The rumors, the possibilities … they must be tired because they’ve been running through my mind all night. It’s getting a little crazy leading up to the draft, but bloggers, MSM types, and the Internets wouldn’t have it any other way.
First of all, I’d like to remind the basketball world, despite the fact that 99% of it won’t see this post, that the Wizards are not “desperate“ to shed salary.
I’ll simply point to a Washington Times piece from late March highlighting that owner Abe Pollin would pay the luxury tax in order to win a championship. No, this doesn’t mean Ernie Grunfeld won’t be looking for creative ways to save money, he just won’t be making any wholesale giveaways in the process.
Pollin is 85 and another title is number one, two, three, four and five on his bucket list. Question the validity of Pollin’s edict if you want, but at least give it the respect it deserves. Some people don’t.
Hence, you have Jonathan Givony of Draft Express rekindling the Antawn Jamison to the Cavs rumor that made the rounds before the trade deadline back in February.
We’ve heard some talk of a possible trade between Cleveland and Washington actually. The deal would essentially be a cost-cutting move for the Wizards, sending Antawn Jamison and filler (Mike James) to the Cavs for Ben Wallace and Sasha Pavlovic. Wallace seems likely to retire, and Pavlovic is on a non-guaranteed contract for next season. It’s not clear whether the Wizards would need to surrender the #5 pick.
This just seems silly. No disrespect to Givony, the guy is as connected as they come, but I really question the legitimacy of the source from where this came.
As some have pointed out, if the Wizards were intent on getting rid of Pollin’s favorite son and his contract, they would have sent Jamison packing to Cleveland in February for Wally Szczerbiak and his $13.8 million contract that comes off the books this summer, likely ensuring that the Wiz would be well under the luxury tax threshold heading into ’09-10.
And the fact that it’s “not clear whether the Wizards would need to surrender the #5 pick” makes me want to playfully rub someone on the head and say, “Cute, now run back to the kiddie table you little scamp.”
Next up: Mark Bradley of the Atlanta Journal-Constitution.
On Wednesday, Bradley penned a column, “Say goodbye to Marvin Williams, hello to Caron Butler.”
Marvin Williams is the least essential Hawks starter. He scores points and takes rebounds but seems to leave no imprint on games, and one of the reasons Joe Johnson gets the ball with three seconds on the shot clock — or, worse, Josh Smith gets it 25 feet from the hoop — is that Marvin, four years a pro, still won’t assert himself.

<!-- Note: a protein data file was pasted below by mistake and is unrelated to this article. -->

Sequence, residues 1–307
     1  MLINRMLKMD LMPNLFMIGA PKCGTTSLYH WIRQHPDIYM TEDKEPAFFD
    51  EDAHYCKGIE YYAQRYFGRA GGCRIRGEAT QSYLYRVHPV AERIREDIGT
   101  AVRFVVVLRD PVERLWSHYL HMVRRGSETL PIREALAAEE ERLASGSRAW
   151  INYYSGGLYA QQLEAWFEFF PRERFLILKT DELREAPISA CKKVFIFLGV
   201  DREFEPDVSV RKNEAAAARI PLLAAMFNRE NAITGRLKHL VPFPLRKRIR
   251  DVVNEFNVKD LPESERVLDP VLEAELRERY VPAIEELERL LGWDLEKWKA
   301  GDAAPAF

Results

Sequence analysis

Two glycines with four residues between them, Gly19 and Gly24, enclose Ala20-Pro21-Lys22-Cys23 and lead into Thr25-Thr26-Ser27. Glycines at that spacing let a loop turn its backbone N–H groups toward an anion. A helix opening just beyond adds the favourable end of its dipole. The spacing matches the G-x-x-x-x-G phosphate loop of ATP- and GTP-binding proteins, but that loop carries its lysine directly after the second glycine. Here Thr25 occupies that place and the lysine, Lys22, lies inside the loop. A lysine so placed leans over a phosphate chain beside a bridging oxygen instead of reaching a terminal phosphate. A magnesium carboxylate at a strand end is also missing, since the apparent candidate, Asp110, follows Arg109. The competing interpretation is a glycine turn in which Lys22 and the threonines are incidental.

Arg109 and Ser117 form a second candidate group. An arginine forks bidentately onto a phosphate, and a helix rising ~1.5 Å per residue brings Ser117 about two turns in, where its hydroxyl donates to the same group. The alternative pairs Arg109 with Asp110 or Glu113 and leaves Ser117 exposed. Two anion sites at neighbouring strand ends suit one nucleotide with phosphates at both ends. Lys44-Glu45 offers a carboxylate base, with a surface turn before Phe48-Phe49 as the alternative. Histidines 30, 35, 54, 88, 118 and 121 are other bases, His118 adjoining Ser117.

I want to see Marvin not assert himself elsewhere next season. I want the Hawks to re-sign him — he’s a restricted free agent — and ship him and Acie Law to Washington for Caron Butler and Javaris Crittenton. The Wizards are looking to cut salary, so that part would work for them, and they’re also looking to get younger. Williams turns 23 on Friday; Butler is 29.
This trade need not be a loss for the Wizards. In a city where he isn’t known mostly for not being Chris Paul, Williams still could develop into something more than a team’s fifth-best starter.
Again, this gives the impression that the Wizards are looking to cut salary first and foremost, while lighting good judgment and common sense on fire and throwing it into the Anacostia River.
Even if the Wizards were Desperate of a capital letter nature, why would they trade their best player, an NBA All-Star on the hook for a reasonable $20.8 million for the next two seasons, for a talented, yet unreliable player who, with a qualifying offer of $7.355 million from the Hawks for ’09-10, would theoretically be re-signed for longer than two seasons. It still wouldn’t make sense financially for the Wizards.
Bret LaGree of the Atlanta Hawks blog Hoopinion makes a good case that although Butler would be an upgrade at the small forward position, he would rather have the younger Williams for a variety of reasons. The Wizards, in their championship mission, would be much better served with a guy in Butler who can create his own shot and win games with veteran swagger.
The kicker is that Mark Bradley, and many of the Hawks fans commenters on his piece, have this idea that Law is leaps and bounds better than Crittenton. Well, the ‘leaps and bounds’ part is more from some commenters. Still, Bradley says this in the comment section:
Law has a greater upside than Crittenton, so the Wizards gain on that end. Butler is a better player than Marvin, so the Hawks win that half. And everybody’s happy!
Look, I loved Acie Law at Texas A&M, but I’ll admit to not knowing much about him as an NBA player. I do know that Crittenton is almost three years younger, two inches taller, and that when comparing the stats of both though their first two years in the league, it’s pretty damn close.
Here are some of the key advanced stats [via Basketball-Reference.com]:
Can you really say one is that much better, or unquestionably has more potential than the other? No, you can’t.
In conclusion, with the internet, twitter, blogs, and the what-not, it’s not completely outrageous that such absurd rumors and possibilities make it online. But at the same time, with information easily and readily available, one would expect people, especially those of the main stream media variety, to do a little homework and relay reasonable information.
Not to say that I haven’t be guilty of being absurd myself, I’m just saying.